Here is a better version of his figure:

The point S is the center of the large semicircle, as P and Q are the centers of the smaller semicircles; so ST, as I’ve labeled it, is the radius, a+b, while AT is the radius r_{1}. Therefore AS = ST – AT = a + b – r_{1}.

Let me know if there are any other parts to be clarified.

]]>I have a question. Why AS^2=(a+b-r1)^2 ? ]]>

I agree that teachers probably cover “diamonds” because they are a different shape that would be of interest to children, and they want to use terms that are familiar to them.

The problem is that the word is ambiguous; in a sense it is not “a unique shape” (not the sense you intended!), but has several different meanings, so that it can become confusing.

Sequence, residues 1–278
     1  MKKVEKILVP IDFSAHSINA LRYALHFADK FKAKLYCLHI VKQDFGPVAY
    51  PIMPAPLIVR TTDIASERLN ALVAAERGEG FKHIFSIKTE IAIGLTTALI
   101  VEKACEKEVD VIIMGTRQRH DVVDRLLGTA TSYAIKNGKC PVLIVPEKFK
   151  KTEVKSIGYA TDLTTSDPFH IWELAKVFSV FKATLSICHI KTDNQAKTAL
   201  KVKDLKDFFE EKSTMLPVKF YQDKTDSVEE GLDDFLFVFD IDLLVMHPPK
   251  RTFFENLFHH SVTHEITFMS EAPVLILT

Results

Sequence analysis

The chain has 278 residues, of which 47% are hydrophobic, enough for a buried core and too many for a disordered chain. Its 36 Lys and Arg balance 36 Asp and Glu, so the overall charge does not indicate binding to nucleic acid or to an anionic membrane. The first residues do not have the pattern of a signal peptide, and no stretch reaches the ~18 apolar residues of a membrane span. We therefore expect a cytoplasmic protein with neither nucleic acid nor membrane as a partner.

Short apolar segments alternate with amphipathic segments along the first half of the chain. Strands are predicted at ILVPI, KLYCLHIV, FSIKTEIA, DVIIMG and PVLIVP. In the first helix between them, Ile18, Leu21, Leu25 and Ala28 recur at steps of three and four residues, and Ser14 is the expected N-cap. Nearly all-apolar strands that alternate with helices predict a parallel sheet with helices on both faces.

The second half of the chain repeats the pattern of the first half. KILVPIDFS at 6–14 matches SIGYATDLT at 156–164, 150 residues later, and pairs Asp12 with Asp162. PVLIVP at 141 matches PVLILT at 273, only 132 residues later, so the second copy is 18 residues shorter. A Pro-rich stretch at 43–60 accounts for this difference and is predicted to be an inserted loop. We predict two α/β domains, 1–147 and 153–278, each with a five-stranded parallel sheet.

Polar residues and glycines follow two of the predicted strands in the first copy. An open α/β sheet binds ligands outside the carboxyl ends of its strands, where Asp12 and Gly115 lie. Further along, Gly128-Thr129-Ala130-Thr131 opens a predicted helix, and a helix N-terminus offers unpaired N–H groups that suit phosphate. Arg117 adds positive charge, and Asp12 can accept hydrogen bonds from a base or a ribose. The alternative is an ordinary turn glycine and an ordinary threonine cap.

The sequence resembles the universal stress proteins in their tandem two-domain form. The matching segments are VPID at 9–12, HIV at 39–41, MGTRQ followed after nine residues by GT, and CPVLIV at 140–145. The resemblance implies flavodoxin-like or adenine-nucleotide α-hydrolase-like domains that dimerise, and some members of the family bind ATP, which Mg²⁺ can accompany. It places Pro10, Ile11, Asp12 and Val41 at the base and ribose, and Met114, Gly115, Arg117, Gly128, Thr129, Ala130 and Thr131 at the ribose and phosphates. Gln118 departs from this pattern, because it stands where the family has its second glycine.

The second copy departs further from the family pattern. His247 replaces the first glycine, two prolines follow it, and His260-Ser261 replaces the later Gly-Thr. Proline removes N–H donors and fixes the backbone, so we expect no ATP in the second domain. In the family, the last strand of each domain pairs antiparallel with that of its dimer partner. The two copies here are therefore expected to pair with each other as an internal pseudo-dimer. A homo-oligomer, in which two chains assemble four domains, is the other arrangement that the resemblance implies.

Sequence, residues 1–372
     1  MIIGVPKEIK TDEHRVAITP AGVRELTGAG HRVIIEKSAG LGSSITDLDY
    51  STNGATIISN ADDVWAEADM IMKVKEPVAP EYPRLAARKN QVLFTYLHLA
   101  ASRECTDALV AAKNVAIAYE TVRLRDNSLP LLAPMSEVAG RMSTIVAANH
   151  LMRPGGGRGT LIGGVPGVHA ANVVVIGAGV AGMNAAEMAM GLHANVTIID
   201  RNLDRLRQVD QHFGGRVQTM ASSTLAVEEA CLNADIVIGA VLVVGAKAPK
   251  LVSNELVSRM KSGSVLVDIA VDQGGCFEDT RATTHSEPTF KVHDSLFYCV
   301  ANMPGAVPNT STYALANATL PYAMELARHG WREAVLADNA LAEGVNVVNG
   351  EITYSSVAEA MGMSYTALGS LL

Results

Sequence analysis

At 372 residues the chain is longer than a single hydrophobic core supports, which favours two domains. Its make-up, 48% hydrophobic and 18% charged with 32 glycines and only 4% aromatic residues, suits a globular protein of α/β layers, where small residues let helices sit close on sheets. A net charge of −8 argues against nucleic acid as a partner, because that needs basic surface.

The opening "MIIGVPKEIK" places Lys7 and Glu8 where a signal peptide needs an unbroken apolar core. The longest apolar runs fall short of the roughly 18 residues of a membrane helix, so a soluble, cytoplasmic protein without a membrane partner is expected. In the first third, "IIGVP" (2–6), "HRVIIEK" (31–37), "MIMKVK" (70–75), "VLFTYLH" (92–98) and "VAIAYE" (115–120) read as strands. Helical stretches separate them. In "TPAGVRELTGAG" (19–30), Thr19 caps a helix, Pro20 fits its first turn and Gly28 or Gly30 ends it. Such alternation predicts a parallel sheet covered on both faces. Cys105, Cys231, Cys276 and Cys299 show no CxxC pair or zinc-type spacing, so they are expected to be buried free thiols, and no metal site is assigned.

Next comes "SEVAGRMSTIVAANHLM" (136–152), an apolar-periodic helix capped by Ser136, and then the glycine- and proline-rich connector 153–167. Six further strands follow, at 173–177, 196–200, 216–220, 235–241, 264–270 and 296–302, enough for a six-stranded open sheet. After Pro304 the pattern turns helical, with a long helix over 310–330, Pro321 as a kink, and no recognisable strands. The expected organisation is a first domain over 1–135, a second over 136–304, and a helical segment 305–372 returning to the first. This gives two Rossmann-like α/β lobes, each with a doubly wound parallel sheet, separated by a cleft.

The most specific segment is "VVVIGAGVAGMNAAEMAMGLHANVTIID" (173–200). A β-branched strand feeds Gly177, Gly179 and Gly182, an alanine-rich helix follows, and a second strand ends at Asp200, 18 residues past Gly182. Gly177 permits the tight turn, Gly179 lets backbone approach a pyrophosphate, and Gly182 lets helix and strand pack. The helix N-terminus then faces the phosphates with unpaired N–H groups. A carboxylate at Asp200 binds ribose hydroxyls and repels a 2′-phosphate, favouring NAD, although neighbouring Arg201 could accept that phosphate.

As Doctor Ian pointed out, one of those senses is “a square rotated 45 degrees”; but he said it in the way he did (“‘becomes’ a diamond”) to emphasize that this is not a proper way to talk about shapes. Doctor Rick pointed out that the concept of shape should be independent of orientation; that is, rotating a figure can’t really change its shape. The rotated figure is still a square! So that “definition” of “diamond” is not a proper mathematical definition; it is just one of the “everyday” uses that children are exposed to. Avoiding such confusion is one of the main reasons we are suggesting that the term “diamond” should not be used as if it were a technical term. Just teach kids the name “rhombus”, and you get to discuss this interesting shape without raising unnecessary questions.

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